Thelonious Monk: plays Duke Ellington (1955) UK Riverside


Track Selection: Caravan


Thelonious Monk (p) Oscar Pettiford (b) Kenny Clarke (d) recorded Rudy Van Gelder Studio, Hackensack, NJ, July 21 & 27, 1955


Monk reinvents Ellington’s classic and the three swing like something else. Pettiford, phew! At the time of his signing to Riverside, Monk was highly regarded by his peers and by some critics, but his records did not sell in significant numbers, and his music was still regarded as too “difficult” for mass-market acceptance. Riverside managed to buy out his previous Prestige contract for a mere $108. He willingly recorded two albums of jazz standards as a means of increasing his profile.

The Critic says… with Caravan,  Monk masters the Ellington material, more than a tune; an instrumental composition.  Orin Keepnews thought he could reach a wider audience for Monk through the use of standard tunes, however a musician of Monk’s uncompromising originality was never going to be easily accepted by a large audience. Plink plonk…plink. Nice.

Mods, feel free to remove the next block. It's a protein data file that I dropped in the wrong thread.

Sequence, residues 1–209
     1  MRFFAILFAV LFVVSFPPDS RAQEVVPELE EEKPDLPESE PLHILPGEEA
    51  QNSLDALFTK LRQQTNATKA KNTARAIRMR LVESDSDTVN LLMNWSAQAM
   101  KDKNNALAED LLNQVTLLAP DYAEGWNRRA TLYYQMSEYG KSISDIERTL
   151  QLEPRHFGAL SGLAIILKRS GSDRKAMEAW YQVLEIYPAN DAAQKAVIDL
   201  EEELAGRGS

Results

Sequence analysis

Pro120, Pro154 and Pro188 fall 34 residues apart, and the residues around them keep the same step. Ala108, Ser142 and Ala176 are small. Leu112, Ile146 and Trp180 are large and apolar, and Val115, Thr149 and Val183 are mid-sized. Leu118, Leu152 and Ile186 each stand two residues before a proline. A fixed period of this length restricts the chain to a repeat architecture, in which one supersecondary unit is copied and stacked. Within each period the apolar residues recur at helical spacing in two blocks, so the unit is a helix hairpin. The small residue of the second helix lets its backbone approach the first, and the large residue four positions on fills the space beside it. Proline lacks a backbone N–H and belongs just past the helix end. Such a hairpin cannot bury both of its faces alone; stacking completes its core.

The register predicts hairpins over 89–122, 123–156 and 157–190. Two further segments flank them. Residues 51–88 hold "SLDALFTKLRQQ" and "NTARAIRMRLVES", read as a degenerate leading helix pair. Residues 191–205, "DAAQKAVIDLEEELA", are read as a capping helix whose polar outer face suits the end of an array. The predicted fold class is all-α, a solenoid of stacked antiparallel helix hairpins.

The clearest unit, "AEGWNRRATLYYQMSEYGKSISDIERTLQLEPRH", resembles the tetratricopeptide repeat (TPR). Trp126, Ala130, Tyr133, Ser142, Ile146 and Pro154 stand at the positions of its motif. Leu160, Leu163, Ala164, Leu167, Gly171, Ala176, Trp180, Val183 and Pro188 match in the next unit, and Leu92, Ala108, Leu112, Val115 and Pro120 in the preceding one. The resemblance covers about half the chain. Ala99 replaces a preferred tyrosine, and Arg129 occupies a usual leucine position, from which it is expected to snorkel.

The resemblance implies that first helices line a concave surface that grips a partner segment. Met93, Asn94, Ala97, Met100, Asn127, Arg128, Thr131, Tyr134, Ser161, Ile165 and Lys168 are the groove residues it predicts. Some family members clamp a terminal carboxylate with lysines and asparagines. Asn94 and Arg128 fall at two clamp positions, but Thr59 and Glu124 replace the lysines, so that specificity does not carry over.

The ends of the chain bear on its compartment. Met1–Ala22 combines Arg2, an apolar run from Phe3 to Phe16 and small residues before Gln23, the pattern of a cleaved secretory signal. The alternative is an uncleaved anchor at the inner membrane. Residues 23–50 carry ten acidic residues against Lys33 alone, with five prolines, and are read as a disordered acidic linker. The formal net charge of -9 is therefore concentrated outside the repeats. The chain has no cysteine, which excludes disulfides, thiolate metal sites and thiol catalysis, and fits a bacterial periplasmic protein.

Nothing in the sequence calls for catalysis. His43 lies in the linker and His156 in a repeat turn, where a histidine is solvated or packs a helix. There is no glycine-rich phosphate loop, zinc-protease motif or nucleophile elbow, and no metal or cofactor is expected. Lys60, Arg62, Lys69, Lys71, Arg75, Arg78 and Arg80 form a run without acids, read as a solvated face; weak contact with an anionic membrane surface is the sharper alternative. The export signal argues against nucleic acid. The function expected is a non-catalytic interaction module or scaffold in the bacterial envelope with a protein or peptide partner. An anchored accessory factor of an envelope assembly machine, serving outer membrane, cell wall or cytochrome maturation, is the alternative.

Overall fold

GorgeoSecond cover,  by French post-impressionist Henri Rousseau, whose naïve primitive jungle paintings  were disparaged by critics of the day, claiming to be shocked, and ridiculed them. Seems an appropriate parallel for Monk, and an improvement on the drab and golf-cap first cover of the US release (right)

Vinyl: RLP 12-201

UK Riverside  release, blue twin reels which date from a few years after the US release. Philips UK pressing, mastered locally from copy tapes, regular Philips UK 420 matrix Side 1, but partially-etched matrix on Side 2 – something I’ve not seen before on the normally very disciplined Philips production process.





Collectors Corner

Source: London record store. From a collection claimed to have been dormant in an attic over thirty or more years. Not played for thirty or forty years. That is the best kind.

(Photo’s updated to current standard February 2017)


8 thoughts on “Thelonious Monk: plays Duke Ellington (1955) UK Riverside

  1. This was the first jazz LPs I ever bought.
    It made Duke Ellington’s music quite difficult to appreciate later on.

  2. Pingback: Thelonious Monk The Unique Thelonious (1956) London/ Riverside | Johnson's Jazz Box

  3. Love everything Monk, can’t help it. I hope to someday bump into a box of untouched records in someone’s attic as well. Did the record store owner tell you what else was in the box?

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